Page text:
On June 10, 1971, the employer failed to provide railings with top rails and mid rails on stagings elevated seven feet above the steel bottoms of three fish tanks while employees were working thereon, on board the Dennise Marie while docked at 1840 Marine View Drive, Tacoma, Washington, a place of employment of employees engaged in ship building.

13. On June 10, 1971, the employer failed to provide staging platforms of not less than two ten-inch planks in width and employees were working on single ten-inch planking on stagings seven feet above the steel tank bottoms of three fish tanks on board the Atlantic Gennis while docked at 1840 Marine View Drive, Tacoma, Washington, a place of employment of employees engaged in ship repairing; and

On June 10, 1971, the employer failed to provide staging platforms of not less than two ten-inch planks in width and employees were working on single ten-inch planking on stagings seven feet above the steel tank bottoms of three fish tanks on board the Dennise Marie while docked at 1840 Marine View Drive, Tacoma, Washington, a place of employment of employees engaged in shipbuilding.

14. The employer knew, or should have known, of all the aforesaid unsafe conditions or practices, namely the lack of top rails and mid rails and the existence of the single planking, on both vessels.

15. On June 10, 1971, the employer failed to shut off the gas supply to acetylene torches at a point outside the confined space, while the torches were left unattended during lunch hour in confined spaces, that is, in three fish tanks on board the Atlantic Gennis, while docked at 1840 Marine View Drive, Tacoma, Washington, a place of employment of employees engaged in ship repairing.

16. On June 10, 1971, the employer failed to shut off the gas supply to acetylene torches at a point outside the confined space, while the torches were left unattended during lunch hour in confined spaces, that is, in three fish tanks on board the Dennise Marie, while docked at 1840 Marine View Drive, Tacoma, Washington, a place of employment of employees engaged in ship building.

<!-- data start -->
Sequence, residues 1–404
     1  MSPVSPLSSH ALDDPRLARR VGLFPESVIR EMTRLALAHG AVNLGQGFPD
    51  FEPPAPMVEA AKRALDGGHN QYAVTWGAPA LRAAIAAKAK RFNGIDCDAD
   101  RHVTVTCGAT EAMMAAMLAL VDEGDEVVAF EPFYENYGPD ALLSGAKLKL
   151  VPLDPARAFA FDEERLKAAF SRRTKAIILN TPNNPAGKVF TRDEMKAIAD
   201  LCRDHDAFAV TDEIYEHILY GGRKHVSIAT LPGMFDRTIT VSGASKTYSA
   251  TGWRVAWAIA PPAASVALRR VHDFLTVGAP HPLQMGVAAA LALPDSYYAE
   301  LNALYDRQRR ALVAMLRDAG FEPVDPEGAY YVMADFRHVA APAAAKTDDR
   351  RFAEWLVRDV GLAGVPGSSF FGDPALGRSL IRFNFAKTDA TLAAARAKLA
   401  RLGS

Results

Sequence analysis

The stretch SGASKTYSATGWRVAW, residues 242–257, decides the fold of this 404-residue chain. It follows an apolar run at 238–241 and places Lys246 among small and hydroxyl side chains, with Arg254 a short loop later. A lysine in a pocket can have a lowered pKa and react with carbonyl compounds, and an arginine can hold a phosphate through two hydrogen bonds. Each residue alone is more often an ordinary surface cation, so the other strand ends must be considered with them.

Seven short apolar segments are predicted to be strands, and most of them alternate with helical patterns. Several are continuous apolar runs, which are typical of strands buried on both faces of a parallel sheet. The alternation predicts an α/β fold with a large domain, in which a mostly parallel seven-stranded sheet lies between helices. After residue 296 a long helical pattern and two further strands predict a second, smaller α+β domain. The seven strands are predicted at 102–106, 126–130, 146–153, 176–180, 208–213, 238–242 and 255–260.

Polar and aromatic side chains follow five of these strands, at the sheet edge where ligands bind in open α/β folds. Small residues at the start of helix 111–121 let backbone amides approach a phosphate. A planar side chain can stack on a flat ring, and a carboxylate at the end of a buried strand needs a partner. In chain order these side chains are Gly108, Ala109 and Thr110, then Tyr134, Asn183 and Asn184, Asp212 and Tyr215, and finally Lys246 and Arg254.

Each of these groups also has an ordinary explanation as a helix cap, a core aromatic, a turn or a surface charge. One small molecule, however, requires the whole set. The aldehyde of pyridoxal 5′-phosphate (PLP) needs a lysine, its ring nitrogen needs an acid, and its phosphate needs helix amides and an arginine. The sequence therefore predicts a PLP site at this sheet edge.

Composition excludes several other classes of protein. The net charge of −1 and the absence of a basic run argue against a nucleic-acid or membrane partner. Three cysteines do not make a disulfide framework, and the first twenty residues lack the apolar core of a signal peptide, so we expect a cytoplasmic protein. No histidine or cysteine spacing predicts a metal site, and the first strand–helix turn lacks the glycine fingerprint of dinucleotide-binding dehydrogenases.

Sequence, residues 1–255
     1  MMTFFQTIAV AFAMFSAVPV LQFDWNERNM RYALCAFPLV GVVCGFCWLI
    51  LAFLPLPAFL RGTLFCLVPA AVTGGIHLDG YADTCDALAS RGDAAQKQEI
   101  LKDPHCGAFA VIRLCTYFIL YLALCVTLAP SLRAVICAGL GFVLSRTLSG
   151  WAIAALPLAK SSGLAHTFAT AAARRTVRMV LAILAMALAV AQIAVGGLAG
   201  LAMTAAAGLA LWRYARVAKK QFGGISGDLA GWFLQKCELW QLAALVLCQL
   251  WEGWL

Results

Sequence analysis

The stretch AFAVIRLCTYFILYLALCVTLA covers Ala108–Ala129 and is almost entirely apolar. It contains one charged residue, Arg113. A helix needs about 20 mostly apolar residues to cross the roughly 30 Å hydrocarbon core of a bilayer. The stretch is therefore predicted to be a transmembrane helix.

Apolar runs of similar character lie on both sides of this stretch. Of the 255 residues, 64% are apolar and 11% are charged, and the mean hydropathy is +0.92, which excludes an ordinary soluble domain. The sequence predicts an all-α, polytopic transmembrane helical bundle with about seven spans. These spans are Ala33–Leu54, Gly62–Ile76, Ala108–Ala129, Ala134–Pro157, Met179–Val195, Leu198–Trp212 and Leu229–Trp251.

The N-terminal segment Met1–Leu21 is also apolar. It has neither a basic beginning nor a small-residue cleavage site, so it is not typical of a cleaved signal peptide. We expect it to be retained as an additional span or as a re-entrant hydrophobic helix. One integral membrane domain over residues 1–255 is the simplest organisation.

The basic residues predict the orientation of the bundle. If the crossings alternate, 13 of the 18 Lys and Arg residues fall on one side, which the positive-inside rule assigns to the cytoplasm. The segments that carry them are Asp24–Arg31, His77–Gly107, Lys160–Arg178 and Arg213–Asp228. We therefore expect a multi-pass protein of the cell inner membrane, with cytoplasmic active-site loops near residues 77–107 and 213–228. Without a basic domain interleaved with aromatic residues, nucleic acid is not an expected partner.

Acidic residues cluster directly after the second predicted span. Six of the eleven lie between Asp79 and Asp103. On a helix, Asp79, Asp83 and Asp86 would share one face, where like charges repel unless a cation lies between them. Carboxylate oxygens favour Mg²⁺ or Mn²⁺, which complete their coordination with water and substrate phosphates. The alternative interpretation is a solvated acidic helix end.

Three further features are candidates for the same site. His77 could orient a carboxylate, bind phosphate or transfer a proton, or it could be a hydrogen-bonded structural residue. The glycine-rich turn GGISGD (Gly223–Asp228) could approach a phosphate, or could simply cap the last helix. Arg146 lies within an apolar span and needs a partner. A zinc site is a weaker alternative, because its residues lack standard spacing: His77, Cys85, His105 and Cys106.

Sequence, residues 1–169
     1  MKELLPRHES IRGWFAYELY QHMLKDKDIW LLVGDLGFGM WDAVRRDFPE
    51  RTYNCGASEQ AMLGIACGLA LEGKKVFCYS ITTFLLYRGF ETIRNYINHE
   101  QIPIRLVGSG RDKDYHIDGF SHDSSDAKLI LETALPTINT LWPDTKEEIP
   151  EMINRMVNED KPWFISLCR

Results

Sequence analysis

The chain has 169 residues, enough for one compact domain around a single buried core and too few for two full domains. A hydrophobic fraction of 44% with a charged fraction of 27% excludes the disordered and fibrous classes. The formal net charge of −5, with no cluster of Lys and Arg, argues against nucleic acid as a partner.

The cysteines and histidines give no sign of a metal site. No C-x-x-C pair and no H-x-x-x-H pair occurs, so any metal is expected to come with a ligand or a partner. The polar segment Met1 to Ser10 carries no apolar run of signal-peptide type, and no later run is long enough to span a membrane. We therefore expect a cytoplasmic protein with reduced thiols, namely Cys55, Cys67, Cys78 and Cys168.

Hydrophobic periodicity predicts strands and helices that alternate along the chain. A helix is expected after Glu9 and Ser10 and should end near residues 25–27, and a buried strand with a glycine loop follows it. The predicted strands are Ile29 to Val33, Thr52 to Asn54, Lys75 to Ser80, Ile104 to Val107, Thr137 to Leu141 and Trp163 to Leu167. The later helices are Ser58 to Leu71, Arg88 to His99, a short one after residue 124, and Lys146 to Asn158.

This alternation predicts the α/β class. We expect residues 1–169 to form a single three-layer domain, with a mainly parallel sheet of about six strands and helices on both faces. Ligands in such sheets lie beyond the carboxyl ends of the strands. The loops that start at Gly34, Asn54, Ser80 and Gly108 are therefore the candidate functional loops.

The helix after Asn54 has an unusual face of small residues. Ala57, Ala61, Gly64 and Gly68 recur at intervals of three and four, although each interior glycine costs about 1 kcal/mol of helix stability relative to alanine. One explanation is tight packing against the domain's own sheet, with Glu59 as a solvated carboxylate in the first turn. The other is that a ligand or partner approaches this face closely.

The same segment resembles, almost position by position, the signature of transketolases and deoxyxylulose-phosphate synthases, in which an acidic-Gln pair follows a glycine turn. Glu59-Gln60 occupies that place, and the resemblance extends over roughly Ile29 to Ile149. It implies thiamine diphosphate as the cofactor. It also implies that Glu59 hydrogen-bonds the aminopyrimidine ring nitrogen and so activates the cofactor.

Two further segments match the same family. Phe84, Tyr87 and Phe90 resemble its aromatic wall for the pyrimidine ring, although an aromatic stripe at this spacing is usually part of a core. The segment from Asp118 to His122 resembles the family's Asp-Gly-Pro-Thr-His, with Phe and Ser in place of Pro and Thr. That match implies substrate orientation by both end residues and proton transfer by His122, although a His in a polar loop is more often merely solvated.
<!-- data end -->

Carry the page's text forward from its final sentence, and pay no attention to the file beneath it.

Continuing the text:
17. Prior to June 10, 1971, all employees had been specifically instructed that all scaffolding should be a minimum of two-planks in width with mid rails and top rails.

18. Over the past several years a minimum of 75 men per day have worked on scaffolding of the employer and there had never been a serious injury from a fall off of any scaffolding in the employer's plants.

19. Prior to June 10, 1971, all employees had been instructed to turn off acetylene and oxygen supply hoses at their cylinders during the lunch hour.

20. On June 10, 1971, the Secretary inspected and observed the conditions for which the citations and notices of proposed penalty were subsequently issued, leading to the present proceeding.

21. The Secretary promptly issued the citations and notices of proposed penalty which initiated the present proceeding. Thereafter the contestant timely gave notice of intent to contest.